I returned to civilian life in 1985. Rising to the rank of Captain I had gained a solid reputation and spent the final five years of my career working as a staff officer at HQ 15 Air Force at March AFB. Having moved the family from Ohio to North Dakota and finally Southern California, I just couldn’t imagine returning to a B-52 cockpit or deal with the idea that the family would have to relocate to some remote base in northern Michigan (K.I Sawyer AFB) or, worse yet, Maine (Loring). Looking back that was probably the dumbest decision I made in my life.
Soon after my departure, I returned to college to obtain a Clear California Teaching Credential. Attending the University of Redlands I developed friendships with two professors in the Education Department — Bill Doll, the department head, and Sam Crowell, a senior professor. Bill and Sam ended up working with me on the development of an experimental mathematics program when I taught at Hyatt. They also became close friends, accompanying me to Long Beach occasionally to sail a 30 sailboat moored at Pacific Sailing.
Nearing the completion of the credentialing program I attended a career training session designed to teach graduates how to conduct themselves when they interviewed for jobs with school principals. I’ll never forget that session because Sam had invited an administrator from the Redlands School District to assist in presenting and critiquing a mock interview or two. She was dressed to the hilt in a bright red suit, silk scarf, and jewelry that had it been real would have befit a princess.
After a brief introduction one of the male students volunteered to participate and stepped to the front of the room to seat himself at the end of a table where the principal was already seated. She didn’t stand to greet him, just pointed to the chair and he sat down. The interview seemed to be going well. She asked a few simple questions and then some philosophical ones before standing to bring the interview to a close and to thank him for his time.
When he returned to his seat the critique began and the first comment to come from her mouth was that while the interview was okay, the interviewee had failed to take notice (of all things) her body language which she contended was conveying to him on several occasions that “I’d heard enough.” It was then that I raised my hand to not only take issue with her attitude but to reject her obvious perception of the interview process.
“I take issue with your condescending tone. How dare you suggest that he attend to your bloody body language. This is a negotiation, not a country club initiation where applicants get on their knees to gain admittance,” I said indignantly.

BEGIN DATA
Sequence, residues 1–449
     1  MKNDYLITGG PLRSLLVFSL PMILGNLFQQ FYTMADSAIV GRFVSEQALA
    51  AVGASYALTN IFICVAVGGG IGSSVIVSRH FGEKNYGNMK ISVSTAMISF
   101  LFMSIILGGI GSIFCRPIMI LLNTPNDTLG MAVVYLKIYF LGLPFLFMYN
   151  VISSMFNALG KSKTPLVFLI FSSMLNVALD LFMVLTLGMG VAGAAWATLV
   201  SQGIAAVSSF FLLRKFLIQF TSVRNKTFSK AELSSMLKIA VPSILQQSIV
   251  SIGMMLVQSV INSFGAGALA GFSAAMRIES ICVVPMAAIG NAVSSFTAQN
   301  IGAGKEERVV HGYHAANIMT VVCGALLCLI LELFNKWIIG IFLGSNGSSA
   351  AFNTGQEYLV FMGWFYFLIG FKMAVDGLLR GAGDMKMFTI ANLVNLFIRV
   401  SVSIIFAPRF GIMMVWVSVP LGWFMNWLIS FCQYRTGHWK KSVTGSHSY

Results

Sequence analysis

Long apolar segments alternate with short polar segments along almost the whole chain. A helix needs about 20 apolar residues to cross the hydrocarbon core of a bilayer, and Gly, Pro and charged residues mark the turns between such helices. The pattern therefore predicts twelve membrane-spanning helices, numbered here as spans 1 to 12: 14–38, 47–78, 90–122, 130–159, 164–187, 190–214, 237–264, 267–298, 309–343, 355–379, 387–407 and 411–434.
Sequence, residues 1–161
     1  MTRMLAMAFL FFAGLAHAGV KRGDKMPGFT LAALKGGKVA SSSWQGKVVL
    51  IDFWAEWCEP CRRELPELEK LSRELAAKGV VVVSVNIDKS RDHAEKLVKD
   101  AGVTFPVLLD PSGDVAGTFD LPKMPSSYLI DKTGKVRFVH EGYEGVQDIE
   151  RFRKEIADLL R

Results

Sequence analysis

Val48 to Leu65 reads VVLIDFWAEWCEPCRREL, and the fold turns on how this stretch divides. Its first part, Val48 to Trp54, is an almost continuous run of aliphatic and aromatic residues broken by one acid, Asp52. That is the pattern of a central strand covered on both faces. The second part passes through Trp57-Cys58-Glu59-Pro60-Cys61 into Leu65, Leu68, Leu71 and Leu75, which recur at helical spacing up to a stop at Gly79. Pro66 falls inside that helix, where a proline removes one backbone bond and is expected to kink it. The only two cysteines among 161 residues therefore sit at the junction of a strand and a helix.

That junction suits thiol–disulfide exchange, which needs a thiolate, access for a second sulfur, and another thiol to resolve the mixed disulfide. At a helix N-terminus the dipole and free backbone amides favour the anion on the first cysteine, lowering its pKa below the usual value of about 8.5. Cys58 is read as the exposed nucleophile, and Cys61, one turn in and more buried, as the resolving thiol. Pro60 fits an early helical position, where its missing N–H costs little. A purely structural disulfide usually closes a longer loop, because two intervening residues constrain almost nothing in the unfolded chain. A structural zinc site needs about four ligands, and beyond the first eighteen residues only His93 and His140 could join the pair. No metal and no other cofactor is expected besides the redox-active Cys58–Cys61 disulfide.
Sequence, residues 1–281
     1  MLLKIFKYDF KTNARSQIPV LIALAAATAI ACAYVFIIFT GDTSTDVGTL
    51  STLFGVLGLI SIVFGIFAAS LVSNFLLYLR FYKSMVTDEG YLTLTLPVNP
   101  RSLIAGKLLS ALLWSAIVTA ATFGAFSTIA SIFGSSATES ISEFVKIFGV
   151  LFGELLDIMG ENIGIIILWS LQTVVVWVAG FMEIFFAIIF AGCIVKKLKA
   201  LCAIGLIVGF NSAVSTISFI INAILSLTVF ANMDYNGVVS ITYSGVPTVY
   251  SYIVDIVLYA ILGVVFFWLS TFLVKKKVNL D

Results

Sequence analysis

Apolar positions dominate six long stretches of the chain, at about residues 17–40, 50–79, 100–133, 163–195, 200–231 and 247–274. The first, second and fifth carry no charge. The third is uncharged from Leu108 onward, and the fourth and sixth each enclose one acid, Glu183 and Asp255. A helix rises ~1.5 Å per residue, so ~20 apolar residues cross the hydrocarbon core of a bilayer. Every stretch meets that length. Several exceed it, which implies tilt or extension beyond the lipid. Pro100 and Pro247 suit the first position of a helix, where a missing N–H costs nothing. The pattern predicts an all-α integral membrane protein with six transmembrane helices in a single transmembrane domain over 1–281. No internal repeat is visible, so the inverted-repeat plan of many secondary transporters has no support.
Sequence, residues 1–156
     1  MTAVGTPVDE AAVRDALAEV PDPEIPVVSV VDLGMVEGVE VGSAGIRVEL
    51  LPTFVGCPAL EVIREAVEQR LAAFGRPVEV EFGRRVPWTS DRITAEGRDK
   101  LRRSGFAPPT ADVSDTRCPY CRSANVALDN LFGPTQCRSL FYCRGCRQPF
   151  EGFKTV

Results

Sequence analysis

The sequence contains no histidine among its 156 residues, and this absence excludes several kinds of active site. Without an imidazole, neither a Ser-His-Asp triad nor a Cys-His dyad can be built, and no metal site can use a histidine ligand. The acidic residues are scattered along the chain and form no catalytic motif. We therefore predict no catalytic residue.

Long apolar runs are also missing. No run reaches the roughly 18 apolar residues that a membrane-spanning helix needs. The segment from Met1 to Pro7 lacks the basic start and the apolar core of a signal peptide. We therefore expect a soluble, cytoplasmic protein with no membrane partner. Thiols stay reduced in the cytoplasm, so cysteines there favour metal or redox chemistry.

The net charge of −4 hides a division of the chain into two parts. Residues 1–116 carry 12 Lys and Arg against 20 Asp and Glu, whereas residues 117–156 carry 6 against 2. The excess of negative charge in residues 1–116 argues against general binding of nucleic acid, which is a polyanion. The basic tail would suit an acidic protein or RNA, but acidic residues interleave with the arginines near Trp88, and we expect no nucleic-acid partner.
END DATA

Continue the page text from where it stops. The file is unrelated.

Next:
“I didn’t mean to suggest that,” she responded red faced and not just a little flustered.
Ignoring her obvious attempt to backstep, I did my best to drive my point home speaking directly to the students in the room who were all half my age. “As fully qualified teachers you need to walk into these interviews looking for a position that is going to suit you, not the individual you’re being interviewed by. There are hundreds of opportunities that are going to be available to you and you needn’t cowtow to anyone.
“I understand that interviews are a give and take process but if you approach this task with hat in hand you’ll find yourself being treated as subjects rather than professionals, a designation that you have, incidentally, earned not been granted,” I went on to say placing emphasis on the word “granted.”
The principal apologized rather profusely and then Sam suggested we all take a break.
She didn’t bother to return.
* * *
I received a comment on this particular anecdote suggesting that I was out of line taking this administrator to task. Really?
For those (like the angry female who made comment) who might take exception to the manner in which I took her to task, — perhaps even going to the extreme to conclude that I am a misogynist — please consider who I eventually went to work for and why I went to work for her. The contrast between Eloise Brooks and the pompous administrator I admonished couldn’t be more stark.
If upon reading about Eloise one continues to maintain that I hate women, then by the same logic one would have to conclude that I am a racist as well because Eloise is black. Imagine that — I not only hate women but have an even greater, irrational distain for white women.
The bottom line is simple. If one thinks I would have treated a pompous male administrator any differently, he/she doesn’t have a clue.